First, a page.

Seeking Opportunity within Complexity
Franklin Mutual Beacon Fund
Author: Ticker Magazine
Last Update: Nov 29, 1:18 PM EST
|Investors prefer to put their trust in companies that are easier to understand rather than invest in complicated businesses. As a result, the market tends to be wrong on many occasions, especially when analyzing complex situations. Portfolio Manager Christian Correa and the team at the helm of the Franklin Mutual Beacon Fund specialize in determining underlying asset values in such contexts with the objective of unlocking hidden value.
“We have a real passion for finding opportunity within complexity, for identifying potential catalysts, and for actively engaging with company management.”
Baidu Inc is the dominant search engine provider in China, and exemplifies a case where the necessary information was available but we had to be patient and give management time to behave rationally – which they eventually did.
Search is a fantastic business and we believe any company that is the scale provider in its region ought to make huge margins. A couple of years ago when we looked at Baidu, its margins puzzled us because they had dropped dramatically.
Upon further investigation, it turned out that while Baidu was making a lot of money in search, it was expanding into online-to-offline commerce. Moreover, the company was investing into a slew of other businesses – like food delivery, mapping software, and building an online travel agency.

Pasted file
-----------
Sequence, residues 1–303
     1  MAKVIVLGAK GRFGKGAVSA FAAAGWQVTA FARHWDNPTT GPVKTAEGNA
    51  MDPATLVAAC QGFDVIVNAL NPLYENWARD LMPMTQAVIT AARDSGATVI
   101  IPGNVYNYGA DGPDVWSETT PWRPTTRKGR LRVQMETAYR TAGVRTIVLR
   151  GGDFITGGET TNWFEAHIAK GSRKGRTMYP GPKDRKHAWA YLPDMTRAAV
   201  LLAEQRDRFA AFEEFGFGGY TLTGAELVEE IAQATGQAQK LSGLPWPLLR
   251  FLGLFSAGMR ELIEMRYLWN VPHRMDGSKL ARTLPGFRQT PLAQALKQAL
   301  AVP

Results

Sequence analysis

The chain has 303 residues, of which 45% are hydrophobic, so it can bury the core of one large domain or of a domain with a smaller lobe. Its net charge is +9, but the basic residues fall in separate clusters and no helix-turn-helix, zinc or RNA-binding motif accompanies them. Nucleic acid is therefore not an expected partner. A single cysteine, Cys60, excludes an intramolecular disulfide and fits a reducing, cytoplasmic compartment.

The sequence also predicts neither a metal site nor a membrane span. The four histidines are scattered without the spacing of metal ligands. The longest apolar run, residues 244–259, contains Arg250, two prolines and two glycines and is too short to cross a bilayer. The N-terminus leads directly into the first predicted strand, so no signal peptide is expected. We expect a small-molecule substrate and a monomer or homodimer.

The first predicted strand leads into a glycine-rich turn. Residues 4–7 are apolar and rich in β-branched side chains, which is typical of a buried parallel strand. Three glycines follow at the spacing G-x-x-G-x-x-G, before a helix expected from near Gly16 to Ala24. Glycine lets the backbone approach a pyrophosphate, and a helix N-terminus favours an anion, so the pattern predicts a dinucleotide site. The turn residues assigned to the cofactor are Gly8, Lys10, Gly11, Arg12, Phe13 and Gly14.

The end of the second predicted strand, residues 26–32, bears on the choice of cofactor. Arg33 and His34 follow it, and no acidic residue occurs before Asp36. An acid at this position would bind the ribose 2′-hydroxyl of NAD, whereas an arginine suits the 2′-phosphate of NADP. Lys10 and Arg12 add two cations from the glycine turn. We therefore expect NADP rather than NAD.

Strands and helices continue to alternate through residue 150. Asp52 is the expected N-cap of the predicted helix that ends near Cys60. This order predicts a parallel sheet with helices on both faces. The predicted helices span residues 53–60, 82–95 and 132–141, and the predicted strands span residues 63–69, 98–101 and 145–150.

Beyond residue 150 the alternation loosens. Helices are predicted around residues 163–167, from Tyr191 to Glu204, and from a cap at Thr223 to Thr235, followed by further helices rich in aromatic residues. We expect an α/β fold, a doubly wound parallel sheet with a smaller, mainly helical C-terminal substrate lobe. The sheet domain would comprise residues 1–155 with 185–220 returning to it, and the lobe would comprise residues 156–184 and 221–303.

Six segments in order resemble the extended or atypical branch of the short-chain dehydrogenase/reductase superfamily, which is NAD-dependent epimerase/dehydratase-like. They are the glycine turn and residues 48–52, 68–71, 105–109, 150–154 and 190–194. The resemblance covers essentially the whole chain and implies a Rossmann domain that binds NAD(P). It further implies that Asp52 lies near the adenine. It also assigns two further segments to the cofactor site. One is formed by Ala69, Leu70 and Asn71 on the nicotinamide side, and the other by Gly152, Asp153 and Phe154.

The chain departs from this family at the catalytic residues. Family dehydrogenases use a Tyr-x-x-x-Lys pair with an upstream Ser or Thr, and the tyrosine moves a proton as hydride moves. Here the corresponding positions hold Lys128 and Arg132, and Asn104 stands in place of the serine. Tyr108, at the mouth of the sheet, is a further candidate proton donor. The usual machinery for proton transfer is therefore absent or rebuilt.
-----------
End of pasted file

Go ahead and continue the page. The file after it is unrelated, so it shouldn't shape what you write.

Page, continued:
Separately, these businesses might be good investments and could even be worth a lot of money if backed by venture capital. But because Baidu reported everything as one segment, all investors saw were its shrinking margins and profits.
In April 2016, Baidu split the business into two segments and changed its reporting to show the profits from search and the loss to running everything else. This information was publicly available in its corporate filings.
Because we know the search industry reasonably well and felt good about that part of Baidu’s business, our next step was to look at its other losses and how the market was evaluating the company in terms of a price/earnings (P/E) multiple. In our view, all we really needed was the confidence that Baidu’s management wouldn’t lose money forever.
We met with them, but more importantly, tried to judge management based on their actions rather than their words. After looking at other things they’d done, we concluded they were probably rational people, so we invested in Baidu.
Initially, our investment didn’t work out well. Baidu’s search business became worse than expected and the company was also sued, which led to a regulatory crackdown that forced Baidu to clean out its customer base and scrutinize advertisers.
However, at the same time as headwinds were preventing the company’s search business from growing, management was dealing with the rest of the business. The money-losing online travel agency was merged with the leading travel provider in China, Ctrip, in exchange for stock. Baidu also became more transparent about its online video business which has the potential to become the Netflix of China.
Over the last six to nine months, the stock has gone up materially as the market has finally given Baidu credit for things we saw two years ago.
Q: Would you provide an example in a different industry?